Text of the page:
I know how confusing it can be to wade through all the conflicting nutrition info out there. Are eggs bad? No. Will red meat kill you? No. Let me bottom line it for you: everyone is physiologically different. One food can work wonders in one body but have a detrimental effect in another. This could be due to food allergies or compromised digestion or metabolic type (some of use just have a greater need for protein than others). If your immune system reacts against the protein in eggs, it will cause inflammation in your body which can lead to a host of health issues on down the line. But if you’re fine with eggs, the beneficial choline and omega 3 fatty acids will do your body good. So. That brings us to dairy. Is dairy bad? Well…. sometimes?
Good quote from awesome book, It Starts with Food: Cow’s milk is the perfect food… if you are a calf. They go on to say that milk is an energy-dense hormone-delivery system, a blend of bioactive substances that promote growth. Since most of us do not want to grow larger, milk really may not be nature’s perfect food. We’re also the only mammals who continue to drink milk into adulthood, and as we age, our production of lactase enzyme that helps us digest dairy decreases. Hmmmm, what is nature trying to tell us?
Why do we need dairy? We can get everything it provides (yes, even calcium) from other sources. At worst, today’s milk contains pus, growth hormones/steroids, antibiotics and other toxins.
Pasteurized dairy is also linked to acne, asthma and type 1 diabetes.
At best, organic milk can be a better choice since the cows aren’t fed hormones or grass with pesticides, BUT they can still be confined to feedlots and not allowed to happily graze in green pastures. And pasteurized milk is basically an inert food. It’s had all its beneficial enzymes, bacteria, etc, killed off. Why bother?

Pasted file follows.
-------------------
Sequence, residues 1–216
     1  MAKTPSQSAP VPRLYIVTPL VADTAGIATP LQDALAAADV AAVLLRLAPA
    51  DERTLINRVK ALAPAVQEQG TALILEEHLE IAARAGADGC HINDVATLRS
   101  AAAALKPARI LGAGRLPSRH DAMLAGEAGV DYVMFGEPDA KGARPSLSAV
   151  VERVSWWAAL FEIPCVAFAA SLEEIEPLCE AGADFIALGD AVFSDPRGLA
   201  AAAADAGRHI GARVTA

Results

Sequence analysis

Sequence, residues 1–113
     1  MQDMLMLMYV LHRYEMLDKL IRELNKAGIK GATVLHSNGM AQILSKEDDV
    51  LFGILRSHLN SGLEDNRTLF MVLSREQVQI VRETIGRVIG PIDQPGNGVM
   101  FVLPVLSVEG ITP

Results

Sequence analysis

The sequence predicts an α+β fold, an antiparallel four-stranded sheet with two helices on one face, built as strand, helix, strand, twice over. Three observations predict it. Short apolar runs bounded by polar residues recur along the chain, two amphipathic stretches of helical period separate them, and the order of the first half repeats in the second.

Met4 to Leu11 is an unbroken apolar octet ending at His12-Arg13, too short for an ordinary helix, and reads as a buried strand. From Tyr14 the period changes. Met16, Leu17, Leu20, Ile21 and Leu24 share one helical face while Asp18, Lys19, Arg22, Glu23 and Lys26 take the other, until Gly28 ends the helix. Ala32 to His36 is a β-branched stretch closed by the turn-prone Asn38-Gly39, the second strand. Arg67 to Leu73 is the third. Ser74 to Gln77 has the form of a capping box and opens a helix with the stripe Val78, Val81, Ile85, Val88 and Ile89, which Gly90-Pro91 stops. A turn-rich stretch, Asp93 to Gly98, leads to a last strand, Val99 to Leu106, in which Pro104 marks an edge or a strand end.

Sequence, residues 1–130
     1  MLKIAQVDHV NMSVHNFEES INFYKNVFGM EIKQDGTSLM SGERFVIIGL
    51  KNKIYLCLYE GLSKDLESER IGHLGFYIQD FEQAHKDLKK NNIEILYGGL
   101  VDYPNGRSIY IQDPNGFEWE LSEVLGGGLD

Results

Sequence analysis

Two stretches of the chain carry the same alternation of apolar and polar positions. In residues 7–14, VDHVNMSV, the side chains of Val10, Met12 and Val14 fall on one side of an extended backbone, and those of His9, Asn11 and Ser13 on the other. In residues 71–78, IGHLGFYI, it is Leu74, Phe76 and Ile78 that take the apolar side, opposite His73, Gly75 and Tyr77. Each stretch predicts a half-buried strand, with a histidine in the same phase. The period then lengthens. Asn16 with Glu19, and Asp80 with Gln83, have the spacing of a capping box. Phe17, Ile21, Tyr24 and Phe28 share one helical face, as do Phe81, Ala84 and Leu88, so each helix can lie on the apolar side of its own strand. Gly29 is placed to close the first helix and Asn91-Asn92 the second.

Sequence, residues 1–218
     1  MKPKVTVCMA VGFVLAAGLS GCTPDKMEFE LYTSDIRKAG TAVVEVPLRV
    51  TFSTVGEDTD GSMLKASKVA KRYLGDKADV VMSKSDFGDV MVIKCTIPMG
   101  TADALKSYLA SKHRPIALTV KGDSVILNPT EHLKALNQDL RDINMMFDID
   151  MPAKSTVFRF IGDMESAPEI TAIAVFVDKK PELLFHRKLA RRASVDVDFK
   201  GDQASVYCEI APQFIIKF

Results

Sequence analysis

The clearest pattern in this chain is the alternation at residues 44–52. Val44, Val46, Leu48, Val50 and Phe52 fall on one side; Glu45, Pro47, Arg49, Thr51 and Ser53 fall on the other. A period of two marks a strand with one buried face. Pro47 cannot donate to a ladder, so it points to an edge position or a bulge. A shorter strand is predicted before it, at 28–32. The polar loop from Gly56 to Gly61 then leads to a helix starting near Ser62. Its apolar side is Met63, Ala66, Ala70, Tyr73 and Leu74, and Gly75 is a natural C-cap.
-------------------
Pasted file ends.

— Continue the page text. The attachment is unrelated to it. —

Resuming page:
Let’s look at the bad stuff first.
Is Dairy Bad for You?
1) As I mentioned, allergies or sensitivities to dairy are very common– I see it all the time in my practice. Symptoms can include congestion, seasonal allergy-type symptoms, diarrhea, bloating, gas, belching, runny nose, or joint pain (to name a few). There is an actual difference between a lactose intolerance (you lack the enzymes to break down dairy) versus a true allergy to casein, the protein portion of dairy. Dairy allergies (meaning your immune system reacts to casein, causing an inflammatory reaction every time you eat dairy) can be in-born or develop over time. If you have a dairy sensitivity and continue to eat it, it wears down your gut lining causing leaky gut, inflammation, weight gain, and the other bothersome symptoms I listed. I’ve had clients cut out dairy and their seasonal allergies and congestion improved right away. Interestingly, there is a link between food cravings and allergies– we often crave the foods to which we are allergic (due to morphine-like effects), so if you feel pleasurably drugged after that bowl of ice cream, you could have a dairy allergy. No bueno. In this case, dairy is not a health food for you.
2) Dairy promotes growth. It can cause insulin to be released, promoting fat storage and elevated insulin-like growth factor that is associated with tumor growth and cancer. Dairy is also androgenic, meaning it boosts male hormones like testosterone (not great for women). This also contributes to acne in both sexes.
Here’s a short list of the 60-some hormones in your average glass of milk – even the organic, raw, and bovine growth hormone free milk: